1) Eat fresh greens or drink fresh green juice before bed.
Raw greens such as celery, cucumber, green pepper and spinach are rich in chlorophyll, the green pigment in plants. "Chlorophyll is said to contain an opium-related substance, a natural sleep aid, along with traces of the anti-cramping agent hyoscyarnin" (link). In addition to being rich in chlorophyll, raw green vegetables contain potassium, magnesium and calcium - all of which are very beneficial in helping a person relax (link).
Also, studies are proving that good digestion is linked with better sleep (Link). One way to improve digestion is by eating raw greens before bed. Cooking fruits and vegetables destroys digestive enzymes. So by eating your vegetables raw, the enzymes remain intact to improve your digestion, and your sleep.
If you have trouble digesting raw greens, consider juicing your greens:
"Because juicing can also enhance the overall health of the endocrine system, which is responsible for hormone production and regulation, regularly drinking juices can help alleviate hormonal imbalances, which may contribute to insomnia" ("Juice Alive" by Steven Bailey and Larry trivieri, p. 202).
Fresh juice contains more enzymes than pasteurized, store bought juice - which is why I recommend buying a juicer instead of purchasing pre-processed and packaged juices. Juicers are for sale for as little as $50 at your local Walmart or even online at Amazon. Here's a quick juice recipe for insomnia:
- 3 medium carrots
- 1-2 celery stalks
- 1 medium cucumber or 1/2 head of lettuce
- Consume 1 hour before bed.
If you can't eat raw greens for any other reason, steamed greens are your 2nd best bet.
2) If You Can't Sleep, Quit All Coffee
According to Web MD, "After eight to 10 hours [of drinking coffee], 75% of the caffeine is gone [from your body]. For most people, a cup of coffee or two in the morning won't interfere with sleep at night." However, they also warn that, "People who are more sensitive may not only experience insomnia but also have caffeine side effects of nervousness and gastrointestinal upset" (Link).
A study published in 2007 found that 52 per cent of panic-disorder patients suffered a panic attack after drinking caffeinated coffee. Conversely, the panic-disorder patients drinking decaf did not suffer panic attacks (Link).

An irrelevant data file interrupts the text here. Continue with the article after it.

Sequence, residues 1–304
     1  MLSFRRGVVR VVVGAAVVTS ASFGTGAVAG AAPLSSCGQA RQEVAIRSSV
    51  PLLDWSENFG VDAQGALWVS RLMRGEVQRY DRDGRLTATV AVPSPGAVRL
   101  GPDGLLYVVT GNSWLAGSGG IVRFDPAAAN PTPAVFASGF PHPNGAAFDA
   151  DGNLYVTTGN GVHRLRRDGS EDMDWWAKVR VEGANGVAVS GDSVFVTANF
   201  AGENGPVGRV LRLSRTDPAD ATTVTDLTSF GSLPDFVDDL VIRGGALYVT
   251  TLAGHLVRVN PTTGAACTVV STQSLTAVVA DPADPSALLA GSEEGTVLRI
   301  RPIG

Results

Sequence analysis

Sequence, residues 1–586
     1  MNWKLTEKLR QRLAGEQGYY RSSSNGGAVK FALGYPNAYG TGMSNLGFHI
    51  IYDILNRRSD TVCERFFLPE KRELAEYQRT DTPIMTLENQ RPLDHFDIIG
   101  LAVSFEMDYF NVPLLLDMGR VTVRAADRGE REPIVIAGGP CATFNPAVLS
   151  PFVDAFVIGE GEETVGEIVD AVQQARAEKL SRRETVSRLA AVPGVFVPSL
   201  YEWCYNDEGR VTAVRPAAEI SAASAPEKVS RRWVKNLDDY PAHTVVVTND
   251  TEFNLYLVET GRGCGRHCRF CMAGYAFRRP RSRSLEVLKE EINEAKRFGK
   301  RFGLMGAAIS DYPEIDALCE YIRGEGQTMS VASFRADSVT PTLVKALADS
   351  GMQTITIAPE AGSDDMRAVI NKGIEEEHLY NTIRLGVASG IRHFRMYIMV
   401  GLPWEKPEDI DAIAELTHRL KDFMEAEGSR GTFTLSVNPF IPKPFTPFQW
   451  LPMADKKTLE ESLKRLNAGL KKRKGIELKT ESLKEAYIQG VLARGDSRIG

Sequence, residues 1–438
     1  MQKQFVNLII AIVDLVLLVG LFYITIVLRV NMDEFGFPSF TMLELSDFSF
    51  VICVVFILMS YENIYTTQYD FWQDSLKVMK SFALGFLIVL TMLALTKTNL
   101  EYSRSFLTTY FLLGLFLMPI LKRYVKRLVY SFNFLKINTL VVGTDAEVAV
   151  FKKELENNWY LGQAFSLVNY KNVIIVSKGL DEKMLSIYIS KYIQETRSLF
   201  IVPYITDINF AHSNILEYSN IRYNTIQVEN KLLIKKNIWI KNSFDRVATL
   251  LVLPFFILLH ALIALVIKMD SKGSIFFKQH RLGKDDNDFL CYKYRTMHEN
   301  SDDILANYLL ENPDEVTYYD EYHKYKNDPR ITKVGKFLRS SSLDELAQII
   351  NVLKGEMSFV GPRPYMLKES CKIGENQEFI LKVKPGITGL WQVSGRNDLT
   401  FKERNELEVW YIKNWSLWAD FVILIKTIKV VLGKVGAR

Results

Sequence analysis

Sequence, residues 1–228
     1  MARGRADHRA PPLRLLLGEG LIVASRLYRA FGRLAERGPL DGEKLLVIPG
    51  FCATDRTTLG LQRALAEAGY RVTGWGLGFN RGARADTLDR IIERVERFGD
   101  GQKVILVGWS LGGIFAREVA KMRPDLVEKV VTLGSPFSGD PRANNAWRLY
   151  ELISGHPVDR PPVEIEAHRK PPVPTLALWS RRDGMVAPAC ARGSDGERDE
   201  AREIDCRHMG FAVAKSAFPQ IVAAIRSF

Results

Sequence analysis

Water, juice and smoothies are great alternatives to coffee. For those who can't seem to quit caffeine altogether, green tea may be a good alternative. Green tea has less caffeine than coffee and contains theanine, which helps promote sleep (Link). This study proves the incredible relaxing effects of theanine.
3) Avoid Insomnia Inducing Foods, especially before bed.
These foods can increase insomnia:
Caffeine (Coffee, tea, chocolate) (Link)
- One study points out that eating plenty of raw fruits and vegetables can also reduce amount of sleep that a person might need (link). For help on incorporating more raw foods into your diet, check out my other post, Here.
- Staying away from big meals at night is also wise. "Try to make dinnertime earlier in the evening, and avoid heavy, rich foods within two hours of bed. Fatty foods take a lot of work for your stomach to digest and may keep you up. Also be cautious when it comes to spicy or acidic foods in the evening, as they can cause stomach trouble and heartburn" (link).
Ironically, it is those of us with the busiest schedules who often suffer from insomnia. In fact, an overactive mind (which can lead to insomnia) is often directly associated with an overactive schedule. Yet as a book needs margin on its pages, we all need margin in our lives. This means taking off of work and resting for at least one day every week. In many religions, this is called a "Sabbath".